Seasonal variability in phosphorus speciation and deposition in a calcareous, eutrophic lake
Settling particulate matter was collected in sediment traps from the major depositional basin of Onondaga Lake, a calcareous, eutrophic lake in Syracuse, New York, U.S.A. Sediment traps were deployed at three depths from July to November and for a brief period under ice cover in February to investigate both vertical and seasonal variations in sedimentation. A sequential chemical extraction (fractionation) method was applied to the collected material to quantify the following phosphorus (P) fractions, or forms: loosely bound-P (sorbed-P, CaCO3 associated-P, and Fe and Al bound-P) extractable biogenic-P (easily degradable organic-P and biogenic inorganic polyphosphates) calcium mineral-P (e.g., apatite), and refractory organic-P. Extractable biogenic-P and refractory organic-P were strongly correlated, suggesting a common, autochthonous origin in plankton. Calcium mineral-P appears to be of terrigenous origin. A dramatic increase in the loosely bound-P content of the particulate matter was observed during fall turnover when dissolved Fe+2, which had accumulated in the anoxic hypolimnion, mixed with the surface waters and oxidized with attendant adsorption of P. We estimate that the labile-, or exchangeable-P (i.e. loosely bound- and extractable biogenic-P forms) content of the settling particulates constitutes ~ 50% of the total P influx to the sediments over the period of study. The labile-P flux over the July-November study period was 11 mg P m-2 day-1 and the labile-P flux estimated from sediment traps deployed under ice cover was 6 mg P m-2 day-1. From these values the annual average labile-P flux to the sediments was estimated to be 9 mg P m-2 day-1, only slightly less than the estimated annual average sediment P release rate of 10 mg P m-2 day-1. This indicates that the sediments are approximately at steady state with respect to current external P loadings to the lake.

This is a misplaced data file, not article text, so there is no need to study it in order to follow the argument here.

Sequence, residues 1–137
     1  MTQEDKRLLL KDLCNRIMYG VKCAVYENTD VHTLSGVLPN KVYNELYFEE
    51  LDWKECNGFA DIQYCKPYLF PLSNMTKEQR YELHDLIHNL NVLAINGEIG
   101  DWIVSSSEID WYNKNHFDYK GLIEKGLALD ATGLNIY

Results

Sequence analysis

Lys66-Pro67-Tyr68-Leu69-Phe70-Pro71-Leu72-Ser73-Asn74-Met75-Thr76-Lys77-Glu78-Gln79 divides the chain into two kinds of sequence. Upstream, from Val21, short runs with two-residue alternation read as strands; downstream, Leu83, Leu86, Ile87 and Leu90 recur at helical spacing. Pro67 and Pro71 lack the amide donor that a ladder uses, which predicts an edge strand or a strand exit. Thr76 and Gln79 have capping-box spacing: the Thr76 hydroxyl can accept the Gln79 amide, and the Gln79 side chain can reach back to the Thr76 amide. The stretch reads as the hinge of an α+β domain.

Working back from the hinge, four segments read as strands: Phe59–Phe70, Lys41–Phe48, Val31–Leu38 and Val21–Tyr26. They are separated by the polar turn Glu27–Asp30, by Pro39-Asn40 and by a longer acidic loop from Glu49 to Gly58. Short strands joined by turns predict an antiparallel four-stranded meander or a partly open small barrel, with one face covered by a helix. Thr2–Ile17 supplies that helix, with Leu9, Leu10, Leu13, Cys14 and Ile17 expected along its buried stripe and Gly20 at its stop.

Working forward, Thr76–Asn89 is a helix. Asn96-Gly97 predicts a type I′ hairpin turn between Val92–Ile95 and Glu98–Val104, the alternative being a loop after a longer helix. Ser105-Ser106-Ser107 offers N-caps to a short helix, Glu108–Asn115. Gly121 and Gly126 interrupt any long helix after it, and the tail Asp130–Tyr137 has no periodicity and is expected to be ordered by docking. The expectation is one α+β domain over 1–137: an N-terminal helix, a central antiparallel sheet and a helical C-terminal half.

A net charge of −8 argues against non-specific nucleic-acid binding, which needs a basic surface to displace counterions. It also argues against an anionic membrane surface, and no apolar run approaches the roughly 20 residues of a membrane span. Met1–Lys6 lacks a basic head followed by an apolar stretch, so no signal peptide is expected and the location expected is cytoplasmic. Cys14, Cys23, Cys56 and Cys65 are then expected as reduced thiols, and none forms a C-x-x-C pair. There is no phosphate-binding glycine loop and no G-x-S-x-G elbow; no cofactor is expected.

Seasonal variability in phosphorus speciation and deposition in a calcareous, eutrophic lake.
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